Thanks for reading.

February 1: Analog and, damn, but January went by fast

My Fond Memory of Brooks Berdan

Originally published in an old blog of mine way back in 2013

I have a lot of fond memories of my old friend, Brooks Berdan. In my early days as a reviewer, he was always kind enough to loan me gear for review that would have been difficult if not impossible to get my hands on otherwise.

Later, when I consulted to Music Reference and Muse Electronics I learned what a truly fantastic dealer Brooks was and how hard he worked for his customers. Brooks was a very unusual dealer. He had a national reputation, but did virtually no business over the phone (let alone over the internet). Brooks was the rare dealer who wanted and, even needed, to know his customers before he would do business with them, let alone separate them from their money.

Brooks loved tube gear and faithfully represented Music Reference and RAM Tubes like no other dealer in the US. His loyalty had its perks. Very often, I would hand deliver his orders directly all the way from Santa Barbara, especially when he was ordering a lot of tubes or a one-off product like a hand-made RM-9 Special Edition.

Of course, just hanging out with Brooks was a special pleasure. We could talk music, or gear, or motorcycles, or the challenges of making a marriage work, for hours at a time, and we often did. Back in 2003, when I was going through my divorce, I dropped by Brooks’ shop one afternoon. I was giving him the summary version of where things were and mentioned, in passing, that it had become tough to write reviews since I hadn’t taken my analog rig when I had moved out of the house. Brooks looked up from what he was doing and asked me what I needed. I told him I could get along fine with a simple set up and that the Kuzma Stabi Reference and Dynavector XL that was back in Valencia were loaners from the distributor anyway.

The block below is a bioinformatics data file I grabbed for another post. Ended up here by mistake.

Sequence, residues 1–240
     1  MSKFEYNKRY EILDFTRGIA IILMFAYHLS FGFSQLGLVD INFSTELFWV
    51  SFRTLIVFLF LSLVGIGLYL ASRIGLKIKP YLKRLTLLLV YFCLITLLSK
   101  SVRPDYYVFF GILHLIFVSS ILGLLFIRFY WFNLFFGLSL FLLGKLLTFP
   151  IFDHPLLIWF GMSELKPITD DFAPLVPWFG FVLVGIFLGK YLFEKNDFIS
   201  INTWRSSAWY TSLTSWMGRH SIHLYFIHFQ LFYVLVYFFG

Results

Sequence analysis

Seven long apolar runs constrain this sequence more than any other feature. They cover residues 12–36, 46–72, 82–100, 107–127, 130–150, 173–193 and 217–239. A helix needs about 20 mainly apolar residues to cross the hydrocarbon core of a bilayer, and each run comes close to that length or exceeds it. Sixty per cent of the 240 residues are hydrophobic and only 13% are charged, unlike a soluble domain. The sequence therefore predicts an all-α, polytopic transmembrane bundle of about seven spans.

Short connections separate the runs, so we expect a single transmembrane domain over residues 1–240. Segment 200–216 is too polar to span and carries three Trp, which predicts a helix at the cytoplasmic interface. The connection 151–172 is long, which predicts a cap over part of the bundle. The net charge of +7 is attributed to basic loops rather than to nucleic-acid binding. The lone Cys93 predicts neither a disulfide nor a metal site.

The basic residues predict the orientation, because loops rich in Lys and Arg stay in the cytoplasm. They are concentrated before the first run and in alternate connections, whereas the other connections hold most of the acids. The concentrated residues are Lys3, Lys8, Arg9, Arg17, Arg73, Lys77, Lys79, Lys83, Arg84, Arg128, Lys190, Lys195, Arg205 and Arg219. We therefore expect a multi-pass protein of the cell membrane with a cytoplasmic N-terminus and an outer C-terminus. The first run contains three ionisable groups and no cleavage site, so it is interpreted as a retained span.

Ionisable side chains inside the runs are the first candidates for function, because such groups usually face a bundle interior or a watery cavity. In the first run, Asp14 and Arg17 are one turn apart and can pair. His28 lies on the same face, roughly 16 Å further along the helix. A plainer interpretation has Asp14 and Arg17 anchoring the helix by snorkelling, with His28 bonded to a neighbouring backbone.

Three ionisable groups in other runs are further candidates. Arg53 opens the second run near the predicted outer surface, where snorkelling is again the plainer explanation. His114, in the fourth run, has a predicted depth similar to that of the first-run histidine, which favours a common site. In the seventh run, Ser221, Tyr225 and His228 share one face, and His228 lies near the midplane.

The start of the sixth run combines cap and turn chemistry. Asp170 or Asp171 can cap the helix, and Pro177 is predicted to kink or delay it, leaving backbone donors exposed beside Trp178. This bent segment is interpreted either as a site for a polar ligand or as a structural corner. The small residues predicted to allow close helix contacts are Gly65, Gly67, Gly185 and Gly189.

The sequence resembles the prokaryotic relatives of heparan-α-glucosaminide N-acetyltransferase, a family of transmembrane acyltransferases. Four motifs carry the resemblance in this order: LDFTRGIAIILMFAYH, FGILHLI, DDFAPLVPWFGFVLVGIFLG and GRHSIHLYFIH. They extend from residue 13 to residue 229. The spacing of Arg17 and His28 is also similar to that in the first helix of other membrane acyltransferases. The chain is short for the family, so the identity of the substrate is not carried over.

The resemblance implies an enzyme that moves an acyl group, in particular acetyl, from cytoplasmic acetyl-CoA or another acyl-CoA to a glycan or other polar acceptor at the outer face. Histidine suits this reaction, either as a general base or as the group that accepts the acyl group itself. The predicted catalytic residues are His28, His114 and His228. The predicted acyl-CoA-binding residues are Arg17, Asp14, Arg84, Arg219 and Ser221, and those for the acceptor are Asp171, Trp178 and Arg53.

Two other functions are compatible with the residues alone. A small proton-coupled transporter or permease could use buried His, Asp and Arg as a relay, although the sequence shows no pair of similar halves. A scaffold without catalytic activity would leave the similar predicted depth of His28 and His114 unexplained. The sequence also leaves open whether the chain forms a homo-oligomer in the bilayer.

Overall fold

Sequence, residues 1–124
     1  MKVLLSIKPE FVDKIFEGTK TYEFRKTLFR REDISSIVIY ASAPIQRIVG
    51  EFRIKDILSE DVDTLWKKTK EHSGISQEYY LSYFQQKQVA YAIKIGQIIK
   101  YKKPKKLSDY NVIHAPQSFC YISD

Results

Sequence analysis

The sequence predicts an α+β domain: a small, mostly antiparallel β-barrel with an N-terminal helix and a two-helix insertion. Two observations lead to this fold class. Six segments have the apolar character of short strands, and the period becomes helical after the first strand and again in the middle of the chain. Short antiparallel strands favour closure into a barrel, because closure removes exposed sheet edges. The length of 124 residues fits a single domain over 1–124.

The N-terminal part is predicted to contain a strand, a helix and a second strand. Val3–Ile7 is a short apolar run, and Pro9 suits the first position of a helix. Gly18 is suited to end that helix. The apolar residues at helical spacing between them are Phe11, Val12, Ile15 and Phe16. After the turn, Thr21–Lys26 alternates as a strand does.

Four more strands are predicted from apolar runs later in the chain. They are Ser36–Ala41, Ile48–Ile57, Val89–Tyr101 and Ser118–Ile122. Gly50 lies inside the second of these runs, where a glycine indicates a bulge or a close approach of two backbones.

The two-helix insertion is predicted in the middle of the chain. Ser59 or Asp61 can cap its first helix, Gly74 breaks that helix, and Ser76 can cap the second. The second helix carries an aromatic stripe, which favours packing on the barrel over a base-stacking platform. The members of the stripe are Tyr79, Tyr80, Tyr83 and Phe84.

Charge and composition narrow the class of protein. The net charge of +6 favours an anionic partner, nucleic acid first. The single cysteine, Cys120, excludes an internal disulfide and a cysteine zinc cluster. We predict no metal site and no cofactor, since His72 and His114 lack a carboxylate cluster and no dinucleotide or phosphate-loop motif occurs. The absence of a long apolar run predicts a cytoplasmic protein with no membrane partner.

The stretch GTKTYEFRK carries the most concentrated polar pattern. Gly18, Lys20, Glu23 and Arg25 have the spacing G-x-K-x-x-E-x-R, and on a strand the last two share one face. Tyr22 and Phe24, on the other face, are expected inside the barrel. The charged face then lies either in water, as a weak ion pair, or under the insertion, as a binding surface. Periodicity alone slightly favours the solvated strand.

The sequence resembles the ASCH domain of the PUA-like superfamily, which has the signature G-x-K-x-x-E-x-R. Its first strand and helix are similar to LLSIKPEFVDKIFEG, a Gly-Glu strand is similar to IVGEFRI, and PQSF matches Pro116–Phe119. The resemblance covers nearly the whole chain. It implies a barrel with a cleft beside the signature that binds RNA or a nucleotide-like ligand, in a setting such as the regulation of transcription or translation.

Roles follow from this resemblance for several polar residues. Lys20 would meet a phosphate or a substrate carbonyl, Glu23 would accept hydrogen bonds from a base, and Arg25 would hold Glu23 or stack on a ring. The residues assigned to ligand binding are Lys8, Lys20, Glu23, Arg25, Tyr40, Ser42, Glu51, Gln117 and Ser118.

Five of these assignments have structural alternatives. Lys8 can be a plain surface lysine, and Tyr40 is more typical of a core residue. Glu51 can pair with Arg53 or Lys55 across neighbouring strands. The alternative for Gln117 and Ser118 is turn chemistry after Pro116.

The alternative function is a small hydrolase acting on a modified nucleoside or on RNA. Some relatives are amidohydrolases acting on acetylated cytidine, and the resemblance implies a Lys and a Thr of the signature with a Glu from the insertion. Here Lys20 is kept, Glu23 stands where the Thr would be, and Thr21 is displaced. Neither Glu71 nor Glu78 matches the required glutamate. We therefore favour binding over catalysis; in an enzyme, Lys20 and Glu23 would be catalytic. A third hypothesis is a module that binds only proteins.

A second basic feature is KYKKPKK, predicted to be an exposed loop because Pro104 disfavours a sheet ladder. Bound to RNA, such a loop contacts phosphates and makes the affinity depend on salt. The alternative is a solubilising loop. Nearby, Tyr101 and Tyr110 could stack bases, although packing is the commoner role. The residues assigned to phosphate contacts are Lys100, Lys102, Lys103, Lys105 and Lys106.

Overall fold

Without a word, Brooks vanished into his storeroom and emerged with a boxed REGA P3 under his arm. Brooks asked me if I liked Sumiko Blue Point Special EVO. I told him I’d never been a huge fan of the original but had never heard the naked EVO version. “Well,” Brooks said, “try it. It’s a lot better than the old one. If you don’t like it you can always try something else.”

Up until that point, I figured Brooks was setting up the REGA for a customer, or as a demo, but then I realized he was building it for me.

“You know, Brooks, cash is a little tight right now; this whole divorce thing doesn’t come cheap.”

Brooks shook his head. “Don’t worry about it, pay me when you can.”

For the next hour, Brooks lovingly set up the REGA and the Sumiko. He did his work with a level of care that would seldom be afforded to such modest gear, but that was Brooks. For him, it didn’t matter if he was setting up an SPj La Luce or a REGA.

Brooks always took his work very seriously.

When he was done I said, “Thank you, Brooksy; what do I owe you?”

“Don’t worry about it, just send me what you can when you can.”

“Brooks, come on, I’m not that hard up, what do I owe you?”

Grudgingly, he got out his price sheets (on paper, of course) and said, “OK, my cost on this is like $600, so mail me a check for $500 when you can. Make the check for more than that and I won’t cash it.” Then, Brooks looked at the REGA and said, “Divorce is hard. You know what I’d like to ask my ex? Was I really that bad?”

I don’t have a guess about what Brooks was like as a husband, but I know he was much more than a business associate to me. On that day, I had no intention of asking Brooks to help me out. It turned out that I didn’t need to, Brooks was the kind of man to recognize a friend in need and would simply do what he could to to help.

The other day, I was thinking about that now-aged REGA, and how the decade had just flown by me as if it were a breeze. I miss not playing very many records these days. I listen to music every day, usually on my iPhone, occasionally on my small system at home. But, it has become the rare day when I have the time to play an LP and I miss the sound, the life and the pure joy of it. I’m sure the suspension on that old Sumiko has gotten a little dry and hard, but it still sounds great.

Someday I may have to replace that cartridge but I really don’t want to…

It was set up by the all-time master of analog, Brooks Berdan, and I’m proud to say that he was a friend of mine.

My Fond Memory of Brooks Berdan